Samuel Finley Breese Morse (1791-1872), American artist and inventor, designed and developed the first successful electromagnetic telegraph system.
Samuel F. B. Morse was born in Charlestown, Mass., on April 27, 1791; he was the son of Jedidiah Morse, a clergyman. Samuel graduated from Yale College in 1810. At college he had painted miniatures on ivory and wished to pursue a career in art, but his father was opposed to this. Samuel took a job as a clerk in a Charlestown bookstore. During this time he continued to paint, and his work soon came to the attention of two of America's most respected artists, Gilbert Stuart and Washington Allston, both of whom spoke highly of his abilities. His father reversed his decision and in 1811 allowed Morse to travel to England with Allston. He studied with Allston for 4 years in London. During this time Morse also worked at the Royal Academy with the venerable American artist Benjamin West.
In 1815 Morse returned to America and set up a studio in Boston. He soon discovered that his large canvases attracted favorable comment but few customers. In those days Americans looked to painters primarily for portraits, and Morse found that even these commissions were difficult to secure. He traveled extensively in search of work, finally settling in New York City in 1823. Perhaps his two best-known canvases are his portraits of the Marquis de Lafayette, which he painted in Washington, D.C., in 1825.
In 1826 Morse helped found, and became the first president of, the National Academy of Design, an organization which was intended to help secure commissions for artists and to raise the taste of the public. The previous year Morse's wife had died; in 1826 his father died. The death of his mother in 1828 dealt another severe blow, and the following year Morse left for Europe to recover.
In October 1832 Morse returned to the United States aboard the packet Sully. On the voyage he met Charles Thomas Jackson, an eccentric doctor and inventor, with whom he discussed electromagnetism. Jackson assured Morse that an electric inpulse could be carried along even a very long wire. Morse later recalled that he reacted to this news with the thought that "if this be so, and the presence of electricity can be made visible in any desired part of the circuit, I see no reason why intelligence might not be instantaneously transmitted by electricity to any distance." He immediately made some sketches of a device to accomplish this purpose.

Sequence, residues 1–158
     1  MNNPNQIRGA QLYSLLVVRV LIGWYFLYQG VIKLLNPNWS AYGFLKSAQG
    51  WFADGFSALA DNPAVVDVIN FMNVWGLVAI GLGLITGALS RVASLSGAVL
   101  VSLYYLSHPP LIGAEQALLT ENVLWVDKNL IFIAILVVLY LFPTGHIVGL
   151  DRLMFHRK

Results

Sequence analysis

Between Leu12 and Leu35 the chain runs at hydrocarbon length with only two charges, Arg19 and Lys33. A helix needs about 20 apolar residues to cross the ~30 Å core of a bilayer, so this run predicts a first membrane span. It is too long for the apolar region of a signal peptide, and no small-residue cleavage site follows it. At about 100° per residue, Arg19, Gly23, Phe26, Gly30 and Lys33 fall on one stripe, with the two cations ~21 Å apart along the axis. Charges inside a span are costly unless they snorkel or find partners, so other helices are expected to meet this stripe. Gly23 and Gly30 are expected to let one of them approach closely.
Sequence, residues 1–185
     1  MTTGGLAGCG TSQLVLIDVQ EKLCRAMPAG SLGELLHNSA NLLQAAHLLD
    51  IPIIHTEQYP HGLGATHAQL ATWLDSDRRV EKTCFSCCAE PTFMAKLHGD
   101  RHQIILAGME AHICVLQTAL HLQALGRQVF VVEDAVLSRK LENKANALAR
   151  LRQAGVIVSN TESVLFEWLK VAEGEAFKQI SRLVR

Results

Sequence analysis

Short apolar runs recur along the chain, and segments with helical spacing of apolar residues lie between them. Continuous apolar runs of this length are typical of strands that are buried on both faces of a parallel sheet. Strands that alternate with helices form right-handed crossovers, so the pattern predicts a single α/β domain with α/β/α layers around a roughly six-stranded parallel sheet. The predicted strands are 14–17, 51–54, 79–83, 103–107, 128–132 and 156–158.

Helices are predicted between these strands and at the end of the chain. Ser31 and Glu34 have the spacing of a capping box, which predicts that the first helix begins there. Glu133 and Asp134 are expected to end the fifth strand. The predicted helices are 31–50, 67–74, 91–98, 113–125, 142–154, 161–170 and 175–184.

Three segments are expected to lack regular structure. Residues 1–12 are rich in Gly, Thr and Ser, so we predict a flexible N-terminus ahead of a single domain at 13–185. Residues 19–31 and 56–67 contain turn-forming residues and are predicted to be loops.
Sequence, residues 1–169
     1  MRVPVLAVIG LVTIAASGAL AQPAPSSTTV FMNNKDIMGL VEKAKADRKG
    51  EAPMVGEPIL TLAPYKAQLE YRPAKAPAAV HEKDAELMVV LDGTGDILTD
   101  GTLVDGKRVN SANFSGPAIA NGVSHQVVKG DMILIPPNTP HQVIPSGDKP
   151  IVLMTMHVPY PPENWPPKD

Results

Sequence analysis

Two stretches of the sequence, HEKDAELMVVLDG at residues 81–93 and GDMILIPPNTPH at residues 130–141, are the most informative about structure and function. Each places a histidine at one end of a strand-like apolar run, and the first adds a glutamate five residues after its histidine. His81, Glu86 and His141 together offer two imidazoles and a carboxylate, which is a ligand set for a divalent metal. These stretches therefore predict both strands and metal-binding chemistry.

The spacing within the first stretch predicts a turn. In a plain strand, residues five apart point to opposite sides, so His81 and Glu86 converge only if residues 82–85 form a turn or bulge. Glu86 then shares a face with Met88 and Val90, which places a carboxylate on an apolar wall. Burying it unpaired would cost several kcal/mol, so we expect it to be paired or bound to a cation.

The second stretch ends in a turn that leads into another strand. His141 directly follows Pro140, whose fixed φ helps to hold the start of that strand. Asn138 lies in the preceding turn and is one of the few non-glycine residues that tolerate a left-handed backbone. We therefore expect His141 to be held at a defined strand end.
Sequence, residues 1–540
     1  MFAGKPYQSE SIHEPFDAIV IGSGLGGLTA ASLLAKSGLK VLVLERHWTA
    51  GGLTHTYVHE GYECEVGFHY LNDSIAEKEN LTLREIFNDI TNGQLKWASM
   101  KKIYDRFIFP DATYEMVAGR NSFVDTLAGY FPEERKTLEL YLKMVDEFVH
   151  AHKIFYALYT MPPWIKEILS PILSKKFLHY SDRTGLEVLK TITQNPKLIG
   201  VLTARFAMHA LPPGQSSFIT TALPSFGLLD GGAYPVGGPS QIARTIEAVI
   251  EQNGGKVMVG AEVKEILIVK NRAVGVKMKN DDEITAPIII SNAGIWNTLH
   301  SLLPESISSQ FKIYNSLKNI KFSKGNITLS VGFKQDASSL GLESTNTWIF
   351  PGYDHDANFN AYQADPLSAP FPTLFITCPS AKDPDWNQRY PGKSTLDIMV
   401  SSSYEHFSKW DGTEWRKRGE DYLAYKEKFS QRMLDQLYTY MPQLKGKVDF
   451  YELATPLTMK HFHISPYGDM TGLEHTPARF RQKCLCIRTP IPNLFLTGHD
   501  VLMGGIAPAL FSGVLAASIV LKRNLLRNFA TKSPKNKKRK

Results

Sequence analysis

Morse again returned to his artistic career, becoming a professor of painting and sculpture at the University of the City of New York. At the same time he entered politics. Like many Americans, he was intolerant of both immigrants and Catholics, and he became a candidate for mayor of New York on a "nativist" platform. In later life his prejudices softened, and he was better able to tolerate the ethnic diversity of the growing country.
The telegraph was never far from Morse's mind during these years. He had long been interested in gadgetry and had even taken out a patent. He had also attended public lectures on electricity. His knowledge of the subject was rudimentary, however, and outdated by the rapid developments in the field during this period. His shipboard sketches of 1832 had clearly laid out the three major parts of the telegraph: a sender which opened and closed an electric circuit, a receiver which used an electromagnet to record the signal, and a code which translated the signal into letters and numbers. By January 1836 he had a working model of the device which he showed to Leonard Gale, a colleague at the university. Gale advised him of recent developments in the field of electromagnetism and especially of the work of the American physicist Joseph Henry. As a result, Morse was able to greatly improve the efficiency of his device.
In September 1837 Morse formed a partnership with Alfred Vail, who contributed both money and mechanical skill. They applied for a patent, and Morse went to Europe seeking patents there as well. He was rejected in England, where a similar device had already been developed. The American patent remained in doubt until 1843, when Congress voted $30,000 to finance the building of an experimental telegraph line between the national capital and Baltimore, Md. It was over this line, on May 24, 1844, that Morse tapped out his famous message, "What hath God wrought!"
Morse was willing to sell all his rights to the invention to the Federal government for $100,000, but a combination of congressional indifference and private greed frustrated the plan. Instead he turned his business affairs over to Amos Kendall. Morse then settled down to a life of acclaim and wealth. He was generous in his philanthropies and was one of the founders of Vassar College in 1861. His last years were marred, however, by controversies over the priority of his invention and questions as to how much he had been helped by others, especially Joseph Henry. Morse died in New York City on April 2, 1872.
Further Reading on Samuel Finley Breese Morse
The standard biography of Morse is Carleton Mabee, The American Leonardo: A Life of Samuel F. B. Morse (1943). A shorter study is Oliver W. Larkin, Samuel F. B. Morse and American Democratic Art (1954). The development of the telegraph network is described in Robert L. Thompson, Wiring a Continent (1947).